Once the computer’s power has been accessed for audiometric use, then some immediate advantages become apparent. For example, it is no longer necessary to pick up a pen and draw circles and x’s. By simply pressing the “O” or “X” key on the keyboard, symbols are automatically entered into the electronic audiogram displayed on the computer screen. This display can be configured as separate right and left ear audiograms, their display order can be switched, or the right and left ear audiograms can be superimposed, all at the will of the operator, and all with simple mouse-click commands (Fig. 2).2
The electronic display can be stored, creating a permanent paperless record of the test results, which can be accessed at any time by the operator, and automatically inserted into the report template. This electronic record can also be transmitted to other professionals, or printed out in a form and structure that looks far more professional than handwritten grids.
Since the test stimuli are now digital signals generated by software through the computer, these stimuli can be more precisely configured and more accurately controlled. Calibration can be accomplished with greater precision, and drift can be greatly reduced. New transducer options, such as combination insert-phone/probe-tube assemblies which can be used to obtain patient-specific SPL audiogram or loudness growth data, can be made available, because software-driven audiometers can readily be configured to combine both audiometer and real ear measurement functionality into one, new diagnostic system.
In addition, electronic displays of test results enhance the effectiveness and fluidity of instructional sessions. Speech energy representations can be electronically added to the audiogram grid, and sound demonstrations of the hearing loss associated with the displayed audiogram can be played through the computer to provide all participants in the instructional session with clear, meaningful information about the test results.3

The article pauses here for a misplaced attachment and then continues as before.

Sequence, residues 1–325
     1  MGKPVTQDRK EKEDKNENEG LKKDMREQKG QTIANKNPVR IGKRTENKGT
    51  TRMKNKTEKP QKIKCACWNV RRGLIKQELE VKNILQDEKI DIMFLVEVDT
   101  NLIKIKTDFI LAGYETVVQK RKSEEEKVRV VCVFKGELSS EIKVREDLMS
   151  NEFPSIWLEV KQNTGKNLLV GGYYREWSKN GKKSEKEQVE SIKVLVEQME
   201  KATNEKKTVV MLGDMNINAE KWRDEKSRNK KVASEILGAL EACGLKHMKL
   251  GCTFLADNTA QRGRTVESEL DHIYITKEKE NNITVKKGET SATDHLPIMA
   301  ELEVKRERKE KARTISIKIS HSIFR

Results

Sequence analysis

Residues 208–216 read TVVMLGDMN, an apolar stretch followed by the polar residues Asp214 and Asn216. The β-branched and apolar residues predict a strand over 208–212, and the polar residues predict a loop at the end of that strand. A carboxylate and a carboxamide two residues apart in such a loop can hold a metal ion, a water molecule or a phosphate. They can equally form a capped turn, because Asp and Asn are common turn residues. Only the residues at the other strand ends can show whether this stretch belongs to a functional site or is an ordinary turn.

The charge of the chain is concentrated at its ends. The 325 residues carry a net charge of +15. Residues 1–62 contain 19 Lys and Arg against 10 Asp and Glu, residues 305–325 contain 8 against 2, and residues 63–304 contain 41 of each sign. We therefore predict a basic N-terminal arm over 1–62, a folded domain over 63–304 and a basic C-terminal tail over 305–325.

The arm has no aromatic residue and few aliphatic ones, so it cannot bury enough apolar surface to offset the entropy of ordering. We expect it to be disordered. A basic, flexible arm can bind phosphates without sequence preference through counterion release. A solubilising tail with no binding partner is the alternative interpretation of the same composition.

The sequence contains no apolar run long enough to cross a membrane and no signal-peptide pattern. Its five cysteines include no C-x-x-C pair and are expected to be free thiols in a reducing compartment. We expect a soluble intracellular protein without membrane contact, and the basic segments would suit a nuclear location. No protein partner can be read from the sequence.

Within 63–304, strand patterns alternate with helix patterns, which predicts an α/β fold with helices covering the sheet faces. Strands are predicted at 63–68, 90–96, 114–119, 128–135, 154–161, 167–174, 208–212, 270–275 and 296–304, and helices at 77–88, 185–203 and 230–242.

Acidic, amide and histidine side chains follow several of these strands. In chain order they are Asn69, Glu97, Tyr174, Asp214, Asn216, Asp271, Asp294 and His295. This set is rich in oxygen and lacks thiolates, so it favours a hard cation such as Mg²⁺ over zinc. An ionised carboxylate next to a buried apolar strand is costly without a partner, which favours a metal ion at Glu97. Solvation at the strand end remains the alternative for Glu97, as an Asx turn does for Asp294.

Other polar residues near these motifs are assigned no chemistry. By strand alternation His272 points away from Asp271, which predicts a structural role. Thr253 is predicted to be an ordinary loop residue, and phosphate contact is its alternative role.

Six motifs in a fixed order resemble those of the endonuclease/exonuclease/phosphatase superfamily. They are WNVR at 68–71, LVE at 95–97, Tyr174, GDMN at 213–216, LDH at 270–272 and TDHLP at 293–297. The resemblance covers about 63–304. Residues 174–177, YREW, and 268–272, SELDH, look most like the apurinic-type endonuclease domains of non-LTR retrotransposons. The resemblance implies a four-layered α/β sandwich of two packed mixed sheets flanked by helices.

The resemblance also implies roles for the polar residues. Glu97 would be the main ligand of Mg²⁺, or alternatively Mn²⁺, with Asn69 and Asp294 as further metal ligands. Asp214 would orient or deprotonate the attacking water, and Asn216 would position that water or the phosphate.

Using Computers to Create New Science and Technology
For many, their first experience with the computer as part of the patient care process came with the introduction of programmable hearing instruments. As performance adjustment tools multiplied and moved from the trim-pot to the computer screen, dispensers were forced to bring a computer into their fitting room. Now, with digital hearing instrument technology, sound processing is being manipulated in ways we only dreamed of as little as 15 years ago.
Today, facilitated by the use of computer-based diagnostic and fitting systems, it is possible to create a patient-specified fitting target in a variety of ways without the use of an audiogram.3,4 Increasingly, dispensing professionals will find that it is even possible to have the patient “interact” with the programmable features of the hearing instrument, and literally program these features themselves through computerized evaluation procedures.
One example is the SPL audiometry approach described earlier and incorporated into the Madsen Aurical computerized audiometer and fitting system. With this system, it is possible to measure the SPL produced in the patient’s ear canal when stimuli is presented via an insert phone (Fig. 3). This patient-specific SPL data can be used as a more realistic reference point for calculating fitting targets with conventional rules.